Teach Yourself Japanese
Subject: Re: 託する
From: TAKASUGI Shinji (tssf.airnet.ne.jp)
Date: Sun, 28 Oct 2007 02:23:39 GMT
References: 1, 2, 3
I had forgotten to say one thing: we are dealing with verbs of an on-reading kanji and -suru. 恋する, for instance, has no unstability like 愛する, because the former is the compound of the noun 恋 and the verb suru.
A. 誰かに 恋してる？ (Do you have a crush on somebody?)
B. うん、してる。 (Yes, I do.)
A. 誰かを 愛してる？ (Do you love somebody?)
B. うん、愛してる。 (Yes, I love somebody.)
> > Just for your interest, verbs like 託する, which consist of a kanji and the verb -suru, are quite unstable in modern Japanese. They can be group I verbs. I would say 託す, a group I verb, instead of 託する, a suru verb.
> > 1. Commonly used as suru verbs: 圧する, 逸する, 反する, etc.
> > 2. Commonly used as group I verbs except the nonpast form: 愛する (you say 愛さない, 愛せ, and 愛そう, not *愛しない, *愛しろ, or *愛しよう, though you can say both 愛する and 愛す), 要する, etc.
> > 3. Commonly used as group I verbs (-す): 辞す, 託す, etc.
> > 4. Commonly used as group II verbs (-じる): 案じる, 演じる, 応じる, etc.
> > 5. Commonly used as group II verbs (-せる): only 魅せる (influenced by 見せる)
> 1. Would it be accurate to say that the suru verbs with a geminate are always used as suru verbs, for example, 圧する, 逸する, 屈する, 発する, 罰する, etc.?
Yes. Verbs with -っする are commonly -suru verbs. You can use them as group I verbs, however. It depends on your style, not on verbs.
> 2. That's interesting. I can't recall ever having heard or seen either 愛する or 要する in any of those forms, but now I can keep an ear/eye out for them.
要さない and 要しない are both heard, though 愛しない is never used.
> 3. I had just assumed that those types of verbs were used for a more classical flavor, like 制す or 祝す. Interesting to know that that isn't the case.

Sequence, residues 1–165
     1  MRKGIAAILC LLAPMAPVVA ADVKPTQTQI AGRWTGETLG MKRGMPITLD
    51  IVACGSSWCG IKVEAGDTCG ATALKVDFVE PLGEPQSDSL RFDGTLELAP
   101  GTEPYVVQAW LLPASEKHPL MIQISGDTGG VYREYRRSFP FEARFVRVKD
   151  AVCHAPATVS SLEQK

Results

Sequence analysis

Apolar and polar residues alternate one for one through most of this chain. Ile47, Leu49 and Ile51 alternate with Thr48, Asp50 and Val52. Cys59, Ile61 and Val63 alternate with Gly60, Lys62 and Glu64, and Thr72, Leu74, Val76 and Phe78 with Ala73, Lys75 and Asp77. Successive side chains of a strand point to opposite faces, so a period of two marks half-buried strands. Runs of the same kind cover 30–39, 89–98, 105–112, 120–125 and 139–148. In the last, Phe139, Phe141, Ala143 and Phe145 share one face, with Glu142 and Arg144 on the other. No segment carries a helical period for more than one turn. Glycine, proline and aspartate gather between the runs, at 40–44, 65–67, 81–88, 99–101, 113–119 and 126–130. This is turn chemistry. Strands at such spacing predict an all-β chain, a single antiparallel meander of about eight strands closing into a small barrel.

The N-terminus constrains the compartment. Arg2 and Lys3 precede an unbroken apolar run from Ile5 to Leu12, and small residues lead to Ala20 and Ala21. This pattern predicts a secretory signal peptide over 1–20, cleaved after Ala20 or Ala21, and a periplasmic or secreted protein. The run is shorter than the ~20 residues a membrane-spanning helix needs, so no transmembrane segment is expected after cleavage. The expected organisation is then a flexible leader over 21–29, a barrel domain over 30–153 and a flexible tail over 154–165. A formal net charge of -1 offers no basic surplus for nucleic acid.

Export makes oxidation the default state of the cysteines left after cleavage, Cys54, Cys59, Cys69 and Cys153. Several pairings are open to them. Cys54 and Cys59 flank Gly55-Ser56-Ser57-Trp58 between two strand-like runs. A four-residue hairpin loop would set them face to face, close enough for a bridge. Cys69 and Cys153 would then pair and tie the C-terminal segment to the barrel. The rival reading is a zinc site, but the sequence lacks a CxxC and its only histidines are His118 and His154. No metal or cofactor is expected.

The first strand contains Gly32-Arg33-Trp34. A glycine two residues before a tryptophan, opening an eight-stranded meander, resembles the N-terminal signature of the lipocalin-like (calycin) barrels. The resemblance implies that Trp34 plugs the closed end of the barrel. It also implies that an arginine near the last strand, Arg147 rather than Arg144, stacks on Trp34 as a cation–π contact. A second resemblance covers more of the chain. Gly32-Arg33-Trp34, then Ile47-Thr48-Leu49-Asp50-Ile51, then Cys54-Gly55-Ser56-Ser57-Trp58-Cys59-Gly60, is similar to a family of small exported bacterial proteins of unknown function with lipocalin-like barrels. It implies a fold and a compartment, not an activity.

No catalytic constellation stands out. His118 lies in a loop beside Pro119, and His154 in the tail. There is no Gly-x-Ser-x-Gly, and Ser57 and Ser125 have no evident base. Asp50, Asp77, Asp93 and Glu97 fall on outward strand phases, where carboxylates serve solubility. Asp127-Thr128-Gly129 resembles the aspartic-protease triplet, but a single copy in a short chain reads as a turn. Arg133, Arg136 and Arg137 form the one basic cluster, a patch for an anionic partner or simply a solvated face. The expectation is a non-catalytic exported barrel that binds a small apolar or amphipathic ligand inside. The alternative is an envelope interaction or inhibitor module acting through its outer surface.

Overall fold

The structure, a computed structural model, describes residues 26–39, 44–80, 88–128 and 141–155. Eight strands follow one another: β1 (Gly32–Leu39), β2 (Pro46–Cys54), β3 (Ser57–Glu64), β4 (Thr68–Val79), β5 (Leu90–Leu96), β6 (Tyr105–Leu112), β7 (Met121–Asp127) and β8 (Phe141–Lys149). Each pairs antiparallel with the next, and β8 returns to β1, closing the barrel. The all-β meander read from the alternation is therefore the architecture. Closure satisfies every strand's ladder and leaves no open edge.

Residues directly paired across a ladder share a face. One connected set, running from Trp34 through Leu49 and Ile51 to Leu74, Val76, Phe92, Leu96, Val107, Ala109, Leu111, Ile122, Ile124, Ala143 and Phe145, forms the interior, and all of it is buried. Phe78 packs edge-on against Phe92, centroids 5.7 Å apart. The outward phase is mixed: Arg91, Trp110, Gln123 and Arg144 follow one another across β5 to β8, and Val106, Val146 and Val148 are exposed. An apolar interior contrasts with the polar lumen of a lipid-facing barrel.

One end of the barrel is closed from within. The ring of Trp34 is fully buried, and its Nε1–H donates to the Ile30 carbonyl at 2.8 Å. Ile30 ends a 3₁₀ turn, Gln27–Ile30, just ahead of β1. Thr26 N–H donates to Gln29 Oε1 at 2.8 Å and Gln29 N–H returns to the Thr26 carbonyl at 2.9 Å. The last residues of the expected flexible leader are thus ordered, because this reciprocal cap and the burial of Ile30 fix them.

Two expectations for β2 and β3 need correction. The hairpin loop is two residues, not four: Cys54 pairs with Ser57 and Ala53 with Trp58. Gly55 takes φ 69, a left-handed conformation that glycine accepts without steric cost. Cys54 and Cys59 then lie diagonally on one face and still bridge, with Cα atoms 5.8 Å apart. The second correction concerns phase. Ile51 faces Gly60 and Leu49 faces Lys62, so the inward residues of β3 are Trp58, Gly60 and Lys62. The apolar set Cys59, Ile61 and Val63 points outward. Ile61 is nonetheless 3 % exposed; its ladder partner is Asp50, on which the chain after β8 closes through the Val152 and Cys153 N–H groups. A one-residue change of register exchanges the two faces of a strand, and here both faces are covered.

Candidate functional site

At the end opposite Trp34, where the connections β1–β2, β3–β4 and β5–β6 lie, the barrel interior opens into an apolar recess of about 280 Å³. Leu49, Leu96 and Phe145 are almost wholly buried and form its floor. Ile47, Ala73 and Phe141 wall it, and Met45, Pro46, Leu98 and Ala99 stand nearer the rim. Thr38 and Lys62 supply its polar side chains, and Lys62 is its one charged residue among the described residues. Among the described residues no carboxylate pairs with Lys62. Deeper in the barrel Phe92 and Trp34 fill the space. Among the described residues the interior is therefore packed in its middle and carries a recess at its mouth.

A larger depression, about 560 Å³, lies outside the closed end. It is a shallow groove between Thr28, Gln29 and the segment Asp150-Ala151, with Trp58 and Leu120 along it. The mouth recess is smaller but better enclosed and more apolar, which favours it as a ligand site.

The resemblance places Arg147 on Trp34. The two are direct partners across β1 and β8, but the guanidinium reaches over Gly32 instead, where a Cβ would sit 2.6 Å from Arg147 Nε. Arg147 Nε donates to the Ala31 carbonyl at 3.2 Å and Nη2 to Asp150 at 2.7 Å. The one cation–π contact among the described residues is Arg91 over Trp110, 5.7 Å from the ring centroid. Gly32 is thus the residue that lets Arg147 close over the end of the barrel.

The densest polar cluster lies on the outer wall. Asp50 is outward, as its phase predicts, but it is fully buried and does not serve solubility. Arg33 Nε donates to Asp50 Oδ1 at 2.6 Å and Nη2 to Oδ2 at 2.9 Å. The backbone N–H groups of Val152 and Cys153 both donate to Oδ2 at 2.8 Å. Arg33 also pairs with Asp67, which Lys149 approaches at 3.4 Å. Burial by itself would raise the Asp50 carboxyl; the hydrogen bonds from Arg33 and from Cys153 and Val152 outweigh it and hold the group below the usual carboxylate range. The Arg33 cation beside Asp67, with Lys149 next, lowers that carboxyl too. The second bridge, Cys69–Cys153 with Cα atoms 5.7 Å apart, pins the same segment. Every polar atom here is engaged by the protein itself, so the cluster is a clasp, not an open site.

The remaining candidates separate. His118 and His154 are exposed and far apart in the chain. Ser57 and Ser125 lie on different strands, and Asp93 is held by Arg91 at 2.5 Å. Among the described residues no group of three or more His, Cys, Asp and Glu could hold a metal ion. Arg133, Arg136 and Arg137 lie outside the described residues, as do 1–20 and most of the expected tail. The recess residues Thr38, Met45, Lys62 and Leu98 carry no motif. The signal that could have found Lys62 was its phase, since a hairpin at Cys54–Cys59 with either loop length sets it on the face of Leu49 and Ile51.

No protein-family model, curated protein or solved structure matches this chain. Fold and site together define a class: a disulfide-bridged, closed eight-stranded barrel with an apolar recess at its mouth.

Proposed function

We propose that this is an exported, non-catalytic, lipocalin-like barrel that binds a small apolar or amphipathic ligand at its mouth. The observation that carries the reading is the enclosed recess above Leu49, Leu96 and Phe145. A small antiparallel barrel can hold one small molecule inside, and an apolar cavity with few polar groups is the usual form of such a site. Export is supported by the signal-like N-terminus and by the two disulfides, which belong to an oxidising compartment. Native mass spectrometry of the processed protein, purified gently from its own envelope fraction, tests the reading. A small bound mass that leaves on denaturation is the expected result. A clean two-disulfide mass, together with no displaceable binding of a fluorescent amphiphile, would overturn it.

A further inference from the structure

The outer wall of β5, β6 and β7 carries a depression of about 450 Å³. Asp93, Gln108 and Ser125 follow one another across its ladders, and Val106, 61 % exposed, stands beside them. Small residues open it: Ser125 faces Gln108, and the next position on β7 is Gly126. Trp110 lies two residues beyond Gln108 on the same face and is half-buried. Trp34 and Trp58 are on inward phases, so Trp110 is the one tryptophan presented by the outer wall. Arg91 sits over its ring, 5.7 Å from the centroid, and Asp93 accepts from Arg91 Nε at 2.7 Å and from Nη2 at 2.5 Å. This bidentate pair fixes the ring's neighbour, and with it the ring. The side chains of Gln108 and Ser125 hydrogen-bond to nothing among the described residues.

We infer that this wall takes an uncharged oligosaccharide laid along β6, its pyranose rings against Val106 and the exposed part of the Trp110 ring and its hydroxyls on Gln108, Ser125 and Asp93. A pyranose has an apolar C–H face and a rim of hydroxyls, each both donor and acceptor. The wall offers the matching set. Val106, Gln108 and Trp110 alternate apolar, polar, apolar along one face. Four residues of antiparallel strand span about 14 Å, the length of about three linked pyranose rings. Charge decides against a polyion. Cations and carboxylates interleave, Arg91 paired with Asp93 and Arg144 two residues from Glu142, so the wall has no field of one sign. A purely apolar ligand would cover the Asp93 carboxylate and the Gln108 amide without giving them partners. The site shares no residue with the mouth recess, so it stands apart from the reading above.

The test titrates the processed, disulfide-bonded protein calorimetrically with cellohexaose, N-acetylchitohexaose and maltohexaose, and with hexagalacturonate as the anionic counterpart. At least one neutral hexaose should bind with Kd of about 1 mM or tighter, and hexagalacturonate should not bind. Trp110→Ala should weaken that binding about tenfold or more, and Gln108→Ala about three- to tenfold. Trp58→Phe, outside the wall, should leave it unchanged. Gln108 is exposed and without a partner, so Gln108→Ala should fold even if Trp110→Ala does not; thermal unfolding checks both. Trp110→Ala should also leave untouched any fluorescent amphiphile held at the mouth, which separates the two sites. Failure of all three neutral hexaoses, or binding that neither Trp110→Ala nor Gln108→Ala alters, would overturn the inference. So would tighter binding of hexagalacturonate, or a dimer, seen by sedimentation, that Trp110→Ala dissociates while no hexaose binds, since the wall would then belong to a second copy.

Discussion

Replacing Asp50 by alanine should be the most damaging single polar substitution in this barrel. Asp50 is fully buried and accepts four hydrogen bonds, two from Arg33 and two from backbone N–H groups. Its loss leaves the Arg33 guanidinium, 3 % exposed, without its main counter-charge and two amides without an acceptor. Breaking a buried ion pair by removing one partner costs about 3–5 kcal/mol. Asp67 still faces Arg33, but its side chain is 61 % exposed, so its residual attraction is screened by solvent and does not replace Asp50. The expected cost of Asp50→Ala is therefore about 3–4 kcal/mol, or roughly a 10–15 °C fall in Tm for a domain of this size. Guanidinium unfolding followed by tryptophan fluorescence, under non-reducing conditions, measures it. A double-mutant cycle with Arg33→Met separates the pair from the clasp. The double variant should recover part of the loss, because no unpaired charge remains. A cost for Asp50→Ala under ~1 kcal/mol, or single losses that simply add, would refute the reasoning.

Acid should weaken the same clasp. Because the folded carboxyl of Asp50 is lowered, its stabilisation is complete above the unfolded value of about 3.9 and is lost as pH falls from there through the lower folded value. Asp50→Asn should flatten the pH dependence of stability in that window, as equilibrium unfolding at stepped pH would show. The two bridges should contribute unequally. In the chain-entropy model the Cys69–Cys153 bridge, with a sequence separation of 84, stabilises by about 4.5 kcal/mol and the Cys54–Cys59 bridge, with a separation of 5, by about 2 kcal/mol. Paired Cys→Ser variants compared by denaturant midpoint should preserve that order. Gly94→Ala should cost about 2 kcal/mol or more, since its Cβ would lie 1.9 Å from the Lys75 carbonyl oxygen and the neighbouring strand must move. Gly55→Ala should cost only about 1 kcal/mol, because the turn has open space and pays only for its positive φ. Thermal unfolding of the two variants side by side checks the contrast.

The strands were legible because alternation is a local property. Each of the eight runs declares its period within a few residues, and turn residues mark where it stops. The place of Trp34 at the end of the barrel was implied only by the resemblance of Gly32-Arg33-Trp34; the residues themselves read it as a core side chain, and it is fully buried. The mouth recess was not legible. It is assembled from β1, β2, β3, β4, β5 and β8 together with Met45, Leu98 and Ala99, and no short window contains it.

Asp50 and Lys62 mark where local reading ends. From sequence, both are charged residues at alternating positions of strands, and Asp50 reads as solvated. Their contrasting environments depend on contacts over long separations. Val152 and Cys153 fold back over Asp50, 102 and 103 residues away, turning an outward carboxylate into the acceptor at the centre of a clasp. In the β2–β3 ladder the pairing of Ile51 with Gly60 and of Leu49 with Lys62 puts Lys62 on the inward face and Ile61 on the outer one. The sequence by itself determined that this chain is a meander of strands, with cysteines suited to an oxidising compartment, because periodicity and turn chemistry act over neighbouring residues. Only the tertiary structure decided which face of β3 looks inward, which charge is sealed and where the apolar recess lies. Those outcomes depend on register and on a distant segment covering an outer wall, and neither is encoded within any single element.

You can't tell whether 制す is a -suru verb or a group I verb in formal Japanese.
> 4. Don't most of these also have a voiced <suru> version, for instance, 案ずる, 命ずる, 応ずる, 演ずる, etc.? Is the <zuru> version just used for nonpast affirmative? I can't recall having come across an inflected 命ずる, for instance.
Right. -ずる always becomes a group II verb today, but you can also use -ずる for the plain nonpast. However, most forms of a -suru verb and the corresponding group II verb are the same, like 命じない, 命じた, and 命じろ, and you can't tell the difference.
The kanji that ends or ended with a nasal consonant ("n" or "ng" in Mandarin) vocalizes the following -する. Exceptions include 関する and 反する.
> 5. This brings up a question I have about what seems to be a passive form of suru verbs that takes a different form. For instnance, I see 科せられる where I would expect 科される, or 発せられる where I would expect 発される. Am I just completely missing the picture, or are these verbs in some way affected like 魅せる was?
科せられる and 発せられる are the correct passive forms of the -suru verbs 科する and 発する, while 科される and 発される are the correct passive forms of the group I verb 科す and 発す.
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